My name is Hanna Männikkölahti, and I am a native Finn who gives private lessons via Skype and simplifies books into easy Finnish. Please leave a comment, if you have something to ask about Finnish.

Saturday, July 12, 2014


The official name of what I normally just call the basic form of a verb is the basic form of the A-infinitive. After reading this post you'll know that there is also a translative form of the A-infinitive. I also have a post about the MA-infinitive and the E-infinitive.

In these examples, the first verb is conjugated according to the person, and the second one is in A-infinitive:

  • osata: Osaatko uida? - Can you swim? Do you know how to swim? 
  • saada: En saa uida, koska olen sairas. - I'm not allowed to swim, because I'm sick.
  • voida: En voi uida, koska minulla ei ole uimapukua. - I can't swim, because I don't have a swimming suit.
  • jaksaa: Jaksatko uida tuohon saareen? - Do you have the energy to swim to that island?
  • tarjeta: Kuinka sinä tarkenet uida noin kylmässä vedessä? - How can you stand the cold when swimming in such a cold water?
  • haluta: Haluan uida! - I want to swim! 
  • tykätä: Tykkäätkö uida yksin vai muiden kanssa? - Do you like to swim alone or with the others?

The translative form of the A-infinitive is used to replace a subclause that starts with the conjunction jotta, which means so that or in order to. Normally the translative ending is ksi, but with this particular verb construction it is kse.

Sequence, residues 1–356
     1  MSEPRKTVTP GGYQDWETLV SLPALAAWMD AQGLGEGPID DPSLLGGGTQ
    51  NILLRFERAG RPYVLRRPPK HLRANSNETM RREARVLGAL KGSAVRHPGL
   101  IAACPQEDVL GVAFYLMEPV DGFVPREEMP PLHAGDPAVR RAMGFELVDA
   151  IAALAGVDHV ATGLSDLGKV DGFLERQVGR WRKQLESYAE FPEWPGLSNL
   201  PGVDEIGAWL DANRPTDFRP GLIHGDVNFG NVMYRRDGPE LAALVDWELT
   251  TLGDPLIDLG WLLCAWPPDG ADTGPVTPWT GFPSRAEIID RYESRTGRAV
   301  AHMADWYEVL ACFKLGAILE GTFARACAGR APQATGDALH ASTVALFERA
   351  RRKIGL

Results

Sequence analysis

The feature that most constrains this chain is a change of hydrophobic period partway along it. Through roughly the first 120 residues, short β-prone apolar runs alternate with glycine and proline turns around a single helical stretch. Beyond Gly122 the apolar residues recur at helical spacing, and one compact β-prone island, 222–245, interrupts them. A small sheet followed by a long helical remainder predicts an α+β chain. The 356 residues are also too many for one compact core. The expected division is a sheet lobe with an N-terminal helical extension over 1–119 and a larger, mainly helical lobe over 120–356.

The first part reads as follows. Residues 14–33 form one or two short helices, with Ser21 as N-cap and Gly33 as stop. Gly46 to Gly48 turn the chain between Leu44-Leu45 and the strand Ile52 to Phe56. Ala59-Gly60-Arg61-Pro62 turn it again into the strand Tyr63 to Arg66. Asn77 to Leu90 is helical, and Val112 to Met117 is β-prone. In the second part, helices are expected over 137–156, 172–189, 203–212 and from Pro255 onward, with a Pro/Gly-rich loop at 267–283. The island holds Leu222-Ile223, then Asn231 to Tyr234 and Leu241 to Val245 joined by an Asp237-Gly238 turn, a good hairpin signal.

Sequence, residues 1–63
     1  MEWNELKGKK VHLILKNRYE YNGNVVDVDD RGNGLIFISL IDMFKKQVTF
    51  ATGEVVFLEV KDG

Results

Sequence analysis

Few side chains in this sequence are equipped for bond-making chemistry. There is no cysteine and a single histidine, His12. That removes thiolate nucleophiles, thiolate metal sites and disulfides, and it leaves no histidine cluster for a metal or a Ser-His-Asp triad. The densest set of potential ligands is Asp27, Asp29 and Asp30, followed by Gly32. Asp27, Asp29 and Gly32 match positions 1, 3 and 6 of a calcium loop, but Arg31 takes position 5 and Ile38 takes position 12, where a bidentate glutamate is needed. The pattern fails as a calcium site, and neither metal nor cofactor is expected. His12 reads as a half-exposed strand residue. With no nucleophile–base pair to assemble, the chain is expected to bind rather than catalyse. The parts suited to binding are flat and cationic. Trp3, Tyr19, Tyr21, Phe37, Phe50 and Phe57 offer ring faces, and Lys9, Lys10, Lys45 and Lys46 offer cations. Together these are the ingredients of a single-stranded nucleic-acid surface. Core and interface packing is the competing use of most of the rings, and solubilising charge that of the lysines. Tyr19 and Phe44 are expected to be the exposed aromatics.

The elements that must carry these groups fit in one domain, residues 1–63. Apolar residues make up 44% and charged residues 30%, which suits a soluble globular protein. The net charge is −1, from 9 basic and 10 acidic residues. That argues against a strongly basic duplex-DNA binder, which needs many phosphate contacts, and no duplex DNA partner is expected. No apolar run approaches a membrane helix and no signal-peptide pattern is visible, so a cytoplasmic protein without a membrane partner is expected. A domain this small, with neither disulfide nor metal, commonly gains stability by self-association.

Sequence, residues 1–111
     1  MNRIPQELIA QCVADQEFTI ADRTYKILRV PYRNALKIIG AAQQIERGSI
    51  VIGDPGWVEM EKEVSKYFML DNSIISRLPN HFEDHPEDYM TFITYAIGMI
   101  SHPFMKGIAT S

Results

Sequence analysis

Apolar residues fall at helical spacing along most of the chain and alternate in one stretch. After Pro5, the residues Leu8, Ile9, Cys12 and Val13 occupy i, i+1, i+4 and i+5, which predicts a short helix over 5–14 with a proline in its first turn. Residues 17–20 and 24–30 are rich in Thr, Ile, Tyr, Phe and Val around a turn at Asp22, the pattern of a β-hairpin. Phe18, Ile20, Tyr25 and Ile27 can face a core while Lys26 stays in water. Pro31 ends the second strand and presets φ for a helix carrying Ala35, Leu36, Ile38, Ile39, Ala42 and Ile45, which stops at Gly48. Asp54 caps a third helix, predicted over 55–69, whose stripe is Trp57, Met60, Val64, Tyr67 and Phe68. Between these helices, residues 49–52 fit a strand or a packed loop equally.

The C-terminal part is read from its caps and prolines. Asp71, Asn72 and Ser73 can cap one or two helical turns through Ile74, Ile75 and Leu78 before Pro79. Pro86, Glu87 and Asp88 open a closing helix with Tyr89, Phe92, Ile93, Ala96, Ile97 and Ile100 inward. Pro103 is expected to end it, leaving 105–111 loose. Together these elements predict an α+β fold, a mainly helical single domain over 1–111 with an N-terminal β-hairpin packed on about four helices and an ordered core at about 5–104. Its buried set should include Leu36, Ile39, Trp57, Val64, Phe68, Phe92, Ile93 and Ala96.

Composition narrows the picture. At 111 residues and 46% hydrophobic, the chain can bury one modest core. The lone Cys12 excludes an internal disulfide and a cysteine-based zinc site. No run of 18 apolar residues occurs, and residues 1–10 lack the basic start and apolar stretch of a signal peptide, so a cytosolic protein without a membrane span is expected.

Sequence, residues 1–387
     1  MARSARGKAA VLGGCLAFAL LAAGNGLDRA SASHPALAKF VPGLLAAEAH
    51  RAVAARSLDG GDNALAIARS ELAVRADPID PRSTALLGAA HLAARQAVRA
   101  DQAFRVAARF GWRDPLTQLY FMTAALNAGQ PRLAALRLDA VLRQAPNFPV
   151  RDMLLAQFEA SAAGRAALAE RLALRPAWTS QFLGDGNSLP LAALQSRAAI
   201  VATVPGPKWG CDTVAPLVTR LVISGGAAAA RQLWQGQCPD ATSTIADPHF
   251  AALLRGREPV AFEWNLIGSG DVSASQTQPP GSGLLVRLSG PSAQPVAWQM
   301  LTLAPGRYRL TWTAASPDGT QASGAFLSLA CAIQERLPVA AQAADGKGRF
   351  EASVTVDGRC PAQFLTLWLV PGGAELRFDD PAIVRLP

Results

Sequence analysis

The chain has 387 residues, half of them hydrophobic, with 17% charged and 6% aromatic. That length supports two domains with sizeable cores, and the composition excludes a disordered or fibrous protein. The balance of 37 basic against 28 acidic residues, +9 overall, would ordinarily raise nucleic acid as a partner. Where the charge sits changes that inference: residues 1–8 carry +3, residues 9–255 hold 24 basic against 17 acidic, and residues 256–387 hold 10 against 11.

• Tulin kurssille oppiakseni suomea. = Tulin kurssille, jotta oppisin suomea. - I came to the course in order to / so that I would learn Finnish.
  • Hän lähti jo kotiin mennäkseen aikaisin nukkumaan. = Hän lähti jo kotiin, jotta hän voisi mennä aikaisin nukkumaan. - He left for home already in order to / so that he would go to sleep early.

Remember the correct possessive suffix:

  • oppiakseni
  • oppiaksesi
  • oppiakseen or oppiaksensa
  • oppiaksemme
  • oppiaksenne
  • oppiakseen or oppiaksensa

Actually, this form isn't very common in spoken language. Normally, I'd just use the jotta sentence. However, there are a couple of expressions with the translative structure that are very common in spoken language. Notice how the meaning is a bit different:

  • Mun muistaakseni juna lähtee neljältä. - As far as I remember, the train leaves at four o'clock.
  • Mun tietääkseni se on naimisissa. - As far as I know, she's married.
  • Mun ymmärtääkseni kokous on peruttu. - If I understand correctly, they've cancelled the meeting.


About the author of this blog:  

My name is Hanna Männikkölahti, and I am a native Finn who gives private lessons via Skype and simplifies books into easy Finnish. Please leave a comment, if you have something to ask about Finnish.

Thursday, July 3, 2014

kansa - kanssa

First of all, kansa means people or nation. Kanssa is with or as well.

  • Tulitko sä Matin kanssa? - Did you come with Matti? (Matin kaa in spoken language.)
  • Kenen kanssa sä asut? - Who do you live with?
  • Mulla menee hermot tämän esseen kanssa! - I'm losing my mind (nerves) with this essay!
  • Onko teillä kakkua? Mulle kanssa! - Do you have cake? Some for me, too! (Mulle kans in spoken language.)

Kanssa is sometimes used too much. Usually the adessive ending lla or llä works better, and you might even need a totally different structure in Finnish:

  • Syö haarukalla ja veitsellä! - Eat with a fork and knife!
  • Kaivoitko tuon kuopan lapiolla vai paljain käsin? - Did you dig that hole with a spade or with your bare hands?
  • Ei saa juosta sakset kädessä! - No running with scissors!